Some folks might chuckle, but I happen to think that the western part of the state of Michigan has some really nice summer escapes that fly under the radar for most people around the country.

For those living here in Chicago, it’s not that far away. Maybe a few hours. But it seems like a world away, with nice beaches and towering sand dunes. Plus, there are some quiet lakefront towns with nice dining, hotels and golfing if you’re into that.

There are plenty of things to do outdoors here besides the beaches. In particular, one example of inexpensive summer fun is blueberry picking.  You can actually pick the blueberries at take home large quantities at ridiculously low prices.  All of this not too far from the beach front areas either! All in all, good relaxing summer fun can be had there – for a low price.

Underrated Location #3: Disneyland, California

Okay, I know that Disney seems like an odd choice for an “underrated” location. So many people make a trek to a Disney park at least once in their lifetime.

Having said that, I’m referring to the California location here. Florida is nice too, and seems to be the default option for most from the Midwest, East Coast, or South. I have no data on this, just observations over the years that if people are going to Disney – it’s generally to Florida. I’m guessing this is not the case in the West, but that’s not where the bulk of the population is.

Anyway, having been to both parks, I would go with California. I say that because the weather in Florida can get really hot and muggy in the summer. Kind of like walking outside in a swampy sauna. However, that Southern California weather is warm but really comfortable. Having been to both the Florida and California Disney parks in my lifetime, I’ll take the west coast weather any day!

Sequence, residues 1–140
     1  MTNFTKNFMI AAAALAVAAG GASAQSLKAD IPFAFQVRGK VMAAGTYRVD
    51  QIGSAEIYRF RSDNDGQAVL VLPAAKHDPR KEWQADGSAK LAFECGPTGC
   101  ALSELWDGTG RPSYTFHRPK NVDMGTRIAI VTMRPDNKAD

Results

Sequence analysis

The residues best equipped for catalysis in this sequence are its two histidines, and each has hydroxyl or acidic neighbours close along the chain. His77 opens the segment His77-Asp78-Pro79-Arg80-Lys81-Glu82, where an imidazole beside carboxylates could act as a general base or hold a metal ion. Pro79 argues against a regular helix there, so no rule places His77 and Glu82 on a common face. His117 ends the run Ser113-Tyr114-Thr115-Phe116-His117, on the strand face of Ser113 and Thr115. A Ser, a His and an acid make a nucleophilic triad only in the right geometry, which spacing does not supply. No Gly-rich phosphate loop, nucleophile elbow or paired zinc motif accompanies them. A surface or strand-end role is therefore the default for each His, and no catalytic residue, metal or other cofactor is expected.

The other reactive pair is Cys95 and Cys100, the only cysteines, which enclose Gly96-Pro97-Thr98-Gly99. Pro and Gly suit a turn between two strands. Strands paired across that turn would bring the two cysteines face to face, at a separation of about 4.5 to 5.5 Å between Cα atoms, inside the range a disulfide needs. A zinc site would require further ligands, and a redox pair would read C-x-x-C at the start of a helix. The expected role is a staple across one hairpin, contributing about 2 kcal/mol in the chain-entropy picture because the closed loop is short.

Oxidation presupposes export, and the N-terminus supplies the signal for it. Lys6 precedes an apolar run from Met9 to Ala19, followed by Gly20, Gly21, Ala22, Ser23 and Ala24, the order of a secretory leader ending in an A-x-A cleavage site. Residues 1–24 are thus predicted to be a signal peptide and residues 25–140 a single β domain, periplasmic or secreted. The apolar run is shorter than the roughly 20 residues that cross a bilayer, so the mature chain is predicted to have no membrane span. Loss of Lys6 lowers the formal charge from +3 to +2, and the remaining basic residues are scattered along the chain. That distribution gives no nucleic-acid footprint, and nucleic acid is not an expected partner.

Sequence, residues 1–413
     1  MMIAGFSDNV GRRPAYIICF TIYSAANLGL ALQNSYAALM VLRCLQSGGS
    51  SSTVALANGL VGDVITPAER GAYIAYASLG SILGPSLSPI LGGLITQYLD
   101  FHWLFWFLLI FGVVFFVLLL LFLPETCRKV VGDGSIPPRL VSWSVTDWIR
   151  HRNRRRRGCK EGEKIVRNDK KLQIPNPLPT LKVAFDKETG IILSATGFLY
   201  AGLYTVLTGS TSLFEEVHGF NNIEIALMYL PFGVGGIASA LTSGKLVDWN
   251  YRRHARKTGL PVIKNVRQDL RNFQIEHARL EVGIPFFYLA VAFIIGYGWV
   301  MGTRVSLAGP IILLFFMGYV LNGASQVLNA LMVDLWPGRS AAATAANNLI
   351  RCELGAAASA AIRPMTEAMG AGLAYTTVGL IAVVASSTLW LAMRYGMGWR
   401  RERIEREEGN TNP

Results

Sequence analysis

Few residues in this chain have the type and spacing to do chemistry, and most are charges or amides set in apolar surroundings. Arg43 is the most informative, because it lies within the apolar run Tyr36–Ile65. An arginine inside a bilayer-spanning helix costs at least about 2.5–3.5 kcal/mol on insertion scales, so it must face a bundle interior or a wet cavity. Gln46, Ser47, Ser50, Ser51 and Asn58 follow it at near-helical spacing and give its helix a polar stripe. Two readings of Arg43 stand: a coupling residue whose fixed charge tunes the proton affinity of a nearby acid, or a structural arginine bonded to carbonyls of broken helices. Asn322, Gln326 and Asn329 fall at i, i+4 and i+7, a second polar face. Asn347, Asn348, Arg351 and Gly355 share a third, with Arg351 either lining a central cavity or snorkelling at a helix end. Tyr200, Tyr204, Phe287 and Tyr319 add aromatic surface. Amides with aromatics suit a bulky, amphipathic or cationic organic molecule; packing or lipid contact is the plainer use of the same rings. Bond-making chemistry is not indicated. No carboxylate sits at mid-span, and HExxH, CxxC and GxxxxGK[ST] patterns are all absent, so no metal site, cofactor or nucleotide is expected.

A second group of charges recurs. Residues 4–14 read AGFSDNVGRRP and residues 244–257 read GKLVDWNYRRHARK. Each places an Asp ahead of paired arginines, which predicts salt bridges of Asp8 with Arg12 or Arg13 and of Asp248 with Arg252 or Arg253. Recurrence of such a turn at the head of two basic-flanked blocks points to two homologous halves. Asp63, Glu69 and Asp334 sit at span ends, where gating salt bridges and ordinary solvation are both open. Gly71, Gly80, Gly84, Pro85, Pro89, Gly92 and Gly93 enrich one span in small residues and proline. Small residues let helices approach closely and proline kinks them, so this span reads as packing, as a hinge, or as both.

Plus, I have to admit, we did visit there a few years ago for a short trip to Disney. It was a lot of fun, as I shared in a post I wrote about reasons why Disneyland is worth visiting.  I have to say that it was impressive how clean, updated, and positive they keep that place. It didn’t look dated or run-down at all, in my opinion. Things seemed really well run there, a lot better than other theme parks I’ve been to.

My Questions for You

Have you visited any of these 3 “under the radar” locations?

I’m sure you have your own places that you would called underrated summer travel destinations.  What are they?


Okay, here’s where it gets fun.  I’m excited to be teaming up with a group of other bloggers on a giveaway.  Prizes are: $200 for 1st, $50 for 2nd, and $25 for 3rd.  You can see below to enter, and there are easy ways to get additional entries too!


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As I mentioned, this giveaway is being run in conjunction with a few other bloggers. Be sure to check out their blogs and share their posts each day as well for more chances to win $200!

Aspiring Millionaire
Frugal Toad
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Money Smart Guides
Money Stepper
Money Beagle
Monica on Money
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Pay Attention and Speak Up to Save Money!

pay attention save moneyIf we have our head in the game, and we’re able to be vocal, it can be really helpful in many areas of life. In school, socially, and at work – paying attention and not being afraid to talk are generally good things.

I’ve written about this before, when talking about the importance of speaking up in both school and at work. In the latter, meetings and presentations are times when we should show leadership and the ability to get our points heard while carefully listening as well.

Additionally, when it comes to paying attention, being able to notice the details is a good thing. One example I’ve written about is the concept of being careful to review credit card statements. Sometimes we can see some expenses that shouldn’t be there. Perhaps a subscription or membership we thought we canceled really wasn’t. Whatever the case might be, paying attention to credit card bills is just one example of noticing the details.